Woman sitting with hands clasped and eyes shut | Anxiety After Child Loss | Grief Counseling | Infant and Pregnancy Loss | Evolve Counseling | Centennial CO 80112

The loss of a child is devastating.  It’s unnatural and life-shattering.  It doesn’t matter if it happens days after conception or years into life.  After it happens, it’s impossible to look at the world the same.  Anxiety and fear creep in and replace the once comforting sense of security.

Before experiencing such a profound loss, we live in a world where we can believe “it won’t happen to me”.   Not fully realizing how fleeting our sense of security and predictability really is.   Maybe it’s a defense mechanism to protect us from living in fear of bad things happening.   Whatever it is, it’s comforting.  But, the moment the unimaginable happens, that goes away.

Suddenly, you realize those horrible things can happen to you without any warning and are outside of your control.

With this realization comes an overwhelming anxiety and fear.  The “what if’s” start to creep in.  What if I get in a car accident?  What if I lose someone else close to me?  What if my other children die?  It’s overwhelming, to say the least.

It’s not uncommon to have worrisome thoughts like this, even without experiencing child loss.  However, I’ve found that for myself and others I have worked with, this drastically increases after a loss.  As a therapist, I knew how these thoughts impact anxiety and overall mental health.  However, I could not stop from having them after we lost our son.  To be honest, I still have them regularly.

The trouble with these types of thoughts is that they create fear and anxiety, which wrecks havoc on our lives.

In an attempt to have control over the unknown we begin avoiding things.  We become hypervigilant and stop doing things we normally would for fear of something bad happening.  Although this gives us an illusion of control, it also prevents us from being present and enjoying the moment.  We begin living in constant fear of what COULD happen instead of being present for what IS happening.

The reality is, even if we avoid all of our “what if’s”, we still do not always have control.  Bad things can happen at any time and without warning.

This is anxiety provoking.  Even as I write this, I feel the panic creeping in, with the urge to avoid right behind it  But, I’ve decided that is not how I want to live.  Yes, bad things can happen, but they can happen even if I avoid everything I deem “too risky”.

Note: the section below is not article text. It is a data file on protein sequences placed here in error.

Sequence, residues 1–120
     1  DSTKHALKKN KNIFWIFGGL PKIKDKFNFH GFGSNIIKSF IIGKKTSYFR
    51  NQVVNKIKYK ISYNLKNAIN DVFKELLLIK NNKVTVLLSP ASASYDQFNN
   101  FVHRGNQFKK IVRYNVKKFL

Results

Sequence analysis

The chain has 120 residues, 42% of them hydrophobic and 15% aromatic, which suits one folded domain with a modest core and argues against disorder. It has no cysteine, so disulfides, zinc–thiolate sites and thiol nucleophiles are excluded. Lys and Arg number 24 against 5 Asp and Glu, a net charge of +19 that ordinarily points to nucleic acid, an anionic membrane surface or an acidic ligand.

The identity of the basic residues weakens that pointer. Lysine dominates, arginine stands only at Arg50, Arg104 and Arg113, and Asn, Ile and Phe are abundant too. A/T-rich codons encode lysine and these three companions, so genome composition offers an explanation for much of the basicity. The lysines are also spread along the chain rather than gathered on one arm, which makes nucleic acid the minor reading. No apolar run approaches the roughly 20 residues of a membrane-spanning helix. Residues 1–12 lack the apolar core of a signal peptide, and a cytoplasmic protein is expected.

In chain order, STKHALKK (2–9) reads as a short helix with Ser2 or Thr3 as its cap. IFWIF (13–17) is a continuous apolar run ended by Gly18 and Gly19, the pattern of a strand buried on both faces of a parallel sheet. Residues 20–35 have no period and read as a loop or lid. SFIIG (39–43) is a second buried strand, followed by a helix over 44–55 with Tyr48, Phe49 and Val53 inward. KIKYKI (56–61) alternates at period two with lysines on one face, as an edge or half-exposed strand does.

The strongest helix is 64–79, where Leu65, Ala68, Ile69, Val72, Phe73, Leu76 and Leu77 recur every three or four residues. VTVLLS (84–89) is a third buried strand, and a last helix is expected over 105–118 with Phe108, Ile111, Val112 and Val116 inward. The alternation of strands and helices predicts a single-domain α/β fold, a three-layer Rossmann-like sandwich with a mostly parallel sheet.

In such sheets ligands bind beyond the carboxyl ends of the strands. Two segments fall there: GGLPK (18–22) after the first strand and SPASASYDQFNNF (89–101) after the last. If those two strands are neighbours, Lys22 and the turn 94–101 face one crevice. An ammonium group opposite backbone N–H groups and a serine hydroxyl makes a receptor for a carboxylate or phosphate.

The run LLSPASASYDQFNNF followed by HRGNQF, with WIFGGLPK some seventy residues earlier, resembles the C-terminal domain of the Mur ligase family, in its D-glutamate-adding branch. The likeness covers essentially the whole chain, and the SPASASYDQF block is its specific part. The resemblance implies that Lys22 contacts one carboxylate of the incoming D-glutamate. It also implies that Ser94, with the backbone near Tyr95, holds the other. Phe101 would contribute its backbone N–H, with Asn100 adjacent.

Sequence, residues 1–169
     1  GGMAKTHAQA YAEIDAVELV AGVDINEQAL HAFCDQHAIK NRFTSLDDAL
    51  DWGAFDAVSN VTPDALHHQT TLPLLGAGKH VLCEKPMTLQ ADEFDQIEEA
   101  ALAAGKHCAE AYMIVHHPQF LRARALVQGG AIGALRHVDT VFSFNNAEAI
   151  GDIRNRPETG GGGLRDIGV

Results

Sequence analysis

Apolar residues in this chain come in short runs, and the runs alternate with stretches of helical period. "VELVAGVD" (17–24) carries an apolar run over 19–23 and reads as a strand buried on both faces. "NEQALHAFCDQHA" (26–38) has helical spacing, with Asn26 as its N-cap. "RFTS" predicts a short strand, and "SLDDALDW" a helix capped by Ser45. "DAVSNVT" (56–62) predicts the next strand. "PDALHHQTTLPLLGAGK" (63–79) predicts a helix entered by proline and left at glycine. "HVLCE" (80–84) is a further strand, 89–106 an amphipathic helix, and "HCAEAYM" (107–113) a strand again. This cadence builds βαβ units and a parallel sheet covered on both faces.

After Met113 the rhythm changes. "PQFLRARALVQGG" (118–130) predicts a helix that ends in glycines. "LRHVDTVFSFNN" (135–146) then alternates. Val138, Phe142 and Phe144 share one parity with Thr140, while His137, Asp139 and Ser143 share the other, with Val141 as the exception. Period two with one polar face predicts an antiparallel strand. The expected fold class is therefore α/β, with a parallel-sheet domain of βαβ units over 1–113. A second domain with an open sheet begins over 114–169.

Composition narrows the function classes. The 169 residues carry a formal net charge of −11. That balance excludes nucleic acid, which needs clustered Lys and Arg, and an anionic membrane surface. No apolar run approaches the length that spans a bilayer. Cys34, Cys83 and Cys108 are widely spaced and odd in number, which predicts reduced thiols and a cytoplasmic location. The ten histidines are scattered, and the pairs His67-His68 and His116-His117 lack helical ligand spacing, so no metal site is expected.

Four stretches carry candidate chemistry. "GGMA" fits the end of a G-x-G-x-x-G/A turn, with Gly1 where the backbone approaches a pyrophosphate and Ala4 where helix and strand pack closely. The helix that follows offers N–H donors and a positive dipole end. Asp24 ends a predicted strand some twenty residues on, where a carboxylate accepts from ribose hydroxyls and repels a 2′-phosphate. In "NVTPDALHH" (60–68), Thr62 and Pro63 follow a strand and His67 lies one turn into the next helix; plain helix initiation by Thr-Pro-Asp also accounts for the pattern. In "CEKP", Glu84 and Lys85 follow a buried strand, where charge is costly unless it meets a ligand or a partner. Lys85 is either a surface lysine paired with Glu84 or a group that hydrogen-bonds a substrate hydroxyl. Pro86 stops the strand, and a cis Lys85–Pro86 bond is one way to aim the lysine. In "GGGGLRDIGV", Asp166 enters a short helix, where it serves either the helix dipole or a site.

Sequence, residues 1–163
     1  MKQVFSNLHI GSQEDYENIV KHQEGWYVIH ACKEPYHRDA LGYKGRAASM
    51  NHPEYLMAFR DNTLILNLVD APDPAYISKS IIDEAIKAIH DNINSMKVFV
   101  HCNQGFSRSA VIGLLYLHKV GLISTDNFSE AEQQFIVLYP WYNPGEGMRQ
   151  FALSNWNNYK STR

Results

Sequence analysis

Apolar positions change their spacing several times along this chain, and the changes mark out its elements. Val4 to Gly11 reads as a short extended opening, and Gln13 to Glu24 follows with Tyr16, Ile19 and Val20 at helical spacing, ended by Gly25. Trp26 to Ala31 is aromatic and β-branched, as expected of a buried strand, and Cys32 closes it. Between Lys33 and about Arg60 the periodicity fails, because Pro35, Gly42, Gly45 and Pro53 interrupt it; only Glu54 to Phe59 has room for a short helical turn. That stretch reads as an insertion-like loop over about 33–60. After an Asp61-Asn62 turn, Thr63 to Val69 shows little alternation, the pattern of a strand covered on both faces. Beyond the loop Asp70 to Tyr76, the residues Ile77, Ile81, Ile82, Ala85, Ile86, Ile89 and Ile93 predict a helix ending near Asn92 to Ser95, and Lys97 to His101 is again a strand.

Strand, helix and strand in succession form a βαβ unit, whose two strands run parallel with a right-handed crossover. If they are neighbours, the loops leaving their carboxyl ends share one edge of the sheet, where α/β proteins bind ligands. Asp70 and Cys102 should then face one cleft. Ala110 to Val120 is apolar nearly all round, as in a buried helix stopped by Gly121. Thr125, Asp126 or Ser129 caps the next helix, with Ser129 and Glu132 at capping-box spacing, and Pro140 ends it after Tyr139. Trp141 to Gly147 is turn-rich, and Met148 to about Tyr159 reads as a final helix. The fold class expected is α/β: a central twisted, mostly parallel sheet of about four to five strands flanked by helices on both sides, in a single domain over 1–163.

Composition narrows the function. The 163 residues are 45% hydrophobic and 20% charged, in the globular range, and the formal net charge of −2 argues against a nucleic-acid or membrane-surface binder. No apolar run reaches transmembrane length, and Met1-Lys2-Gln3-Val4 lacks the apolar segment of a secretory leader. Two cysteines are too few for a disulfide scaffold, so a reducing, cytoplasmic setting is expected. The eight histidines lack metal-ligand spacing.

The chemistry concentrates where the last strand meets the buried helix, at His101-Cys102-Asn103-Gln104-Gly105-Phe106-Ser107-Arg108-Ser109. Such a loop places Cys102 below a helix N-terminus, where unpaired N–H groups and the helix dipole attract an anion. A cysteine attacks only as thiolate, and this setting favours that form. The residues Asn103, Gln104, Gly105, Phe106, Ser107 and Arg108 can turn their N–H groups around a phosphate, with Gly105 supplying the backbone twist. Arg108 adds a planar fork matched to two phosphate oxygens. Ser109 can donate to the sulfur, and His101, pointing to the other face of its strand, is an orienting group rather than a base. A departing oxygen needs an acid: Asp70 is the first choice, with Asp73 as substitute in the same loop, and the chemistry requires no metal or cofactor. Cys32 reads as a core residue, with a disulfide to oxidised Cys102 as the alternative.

While these fears may not completely go away, there are ways to manage them without exhausting yourself by trying to control everything.  Here are some things that may help.

  1. Mindfulness/being present– when we are worrying about the future or things that could happen we are not in the present moment.  That means we are missing out on the now.  And the bad things we are worrying about may not ever happen.  When you notice you are worrying about the future, gently redirect your mind to now.  You can also draw your attention to the moment by using grounding techniques.  One way to ground is to look around and find 3 things you can see, 3 things you can hear, 3 things you can smell, and 3 things you can feel.
  2. Coping Statements– create a mantra or statement that will remind you that what you are worried about is not happening now.  Some examples are “that is not happening now”, “at this moment I am safe”, “that is just a thought, it is not real right now”, “not having control is scary and I can
  3. Remind yourself of your ability to cope– this is one thing that really helped me when I was pregnant after the loss of my son.  I was terrified that I would lose another child.  Not having control over that terrified me and consumed my thoughts.  My therapist at the time said to me “what if you could remind yourself that if that were to happen you could get through it, no matter how painful”.  That made sense to me.  I had survived my son’s death.  I could get through anything, even if it broke me to pieces.  The truth is, that we can’t do anything about these bad things until they happen and they may never happen, but worrying about them ruins every moment anticipating them to.
  4. Thought Diffusion– don’t try to prevent these thoughts from happening, instead, when they arise notice them and try letting them pass by.  Some find it helpful to imagine them on a cloud floating by, on a leaf floating down a stream, or on a billboard as you pass by.  I like to imagine them drifting in one ear and out the other.  Find something that works for you and practice.  In time, you will be able to let these thoughts go without latching on to them.

Not living in fear is hard and may seem impossible right now.  It’s normal to have these thoughts, you have just been through an earth-shattering loss. These thoughts don’t have to consume you.  It is possible to manage them so that you don’t live your life in fear.

Photo by Ben White on Unsplash

3 thoughts on “Dealing With Anxiety And Fear After Child Loss”

  1. Hope's Mama says:

    Thank you. I so needed to read this right now. I am constantly trying not to live in fear, to be in the moment. Anxiety is so hard as it is self perpetuating.

  2. Kendra says:

    Thank you I couldn’t of wrote it any better.
    This was me after the loss of son and 10 years on I am still trying to get a handle of this….I am much better but have my moments.
    Thank you for sharing and making me feel normal. X

  3. Nancy Atieno Okumu says:

    This is happening to me too and thanks alot tips. Its now almost two months since l lost my daughter and the fear is so intense that even sleeping is hard. I check on my son every now and then. I fear even going to work because people are avoiding me or those who cannot avoid me are looking at me with pity. Am thinking of quitting my job.

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